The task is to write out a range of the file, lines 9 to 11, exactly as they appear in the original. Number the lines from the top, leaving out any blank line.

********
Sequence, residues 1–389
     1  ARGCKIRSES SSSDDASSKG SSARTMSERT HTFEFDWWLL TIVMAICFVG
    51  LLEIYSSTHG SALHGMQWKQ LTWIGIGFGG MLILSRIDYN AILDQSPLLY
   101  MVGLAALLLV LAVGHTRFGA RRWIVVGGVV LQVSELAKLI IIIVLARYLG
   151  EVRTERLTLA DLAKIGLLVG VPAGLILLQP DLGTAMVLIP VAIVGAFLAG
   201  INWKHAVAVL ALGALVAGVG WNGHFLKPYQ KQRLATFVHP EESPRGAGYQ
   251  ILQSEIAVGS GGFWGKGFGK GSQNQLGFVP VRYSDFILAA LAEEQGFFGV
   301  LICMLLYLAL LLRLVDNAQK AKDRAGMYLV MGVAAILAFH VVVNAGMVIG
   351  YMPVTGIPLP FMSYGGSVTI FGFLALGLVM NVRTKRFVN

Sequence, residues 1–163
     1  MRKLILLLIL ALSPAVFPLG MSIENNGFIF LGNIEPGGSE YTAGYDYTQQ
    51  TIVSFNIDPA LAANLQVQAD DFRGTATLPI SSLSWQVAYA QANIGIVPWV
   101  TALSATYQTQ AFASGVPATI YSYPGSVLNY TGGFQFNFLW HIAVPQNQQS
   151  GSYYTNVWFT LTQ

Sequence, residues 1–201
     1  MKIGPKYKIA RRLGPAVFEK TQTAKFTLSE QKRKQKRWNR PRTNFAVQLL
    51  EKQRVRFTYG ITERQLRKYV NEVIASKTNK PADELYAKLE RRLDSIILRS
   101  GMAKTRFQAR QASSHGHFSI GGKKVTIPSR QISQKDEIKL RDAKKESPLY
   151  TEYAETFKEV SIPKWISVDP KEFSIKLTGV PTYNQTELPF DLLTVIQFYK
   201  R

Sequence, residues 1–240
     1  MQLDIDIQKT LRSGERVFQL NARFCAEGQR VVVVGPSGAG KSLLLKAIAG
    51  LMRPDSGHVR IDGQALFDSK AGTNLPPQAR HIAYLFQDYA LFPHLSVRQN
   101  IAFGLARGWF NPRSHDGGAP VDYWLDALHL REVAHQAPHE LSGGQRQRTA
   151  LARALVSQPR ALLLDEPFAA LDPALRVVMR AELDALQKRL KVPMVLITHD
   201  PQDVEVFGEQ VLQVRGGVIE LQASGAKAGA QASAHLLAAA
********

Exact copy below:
   351  YMPVTGIPLP FMSYGGSVTI FGFLALGLVM NVRTKRFVN

Sequence, residues 1–163
     1  MRKLILLLIL ALSPAVFPLG MSIENNGFIF LGNIEPGGSE YTAGYDYTQQ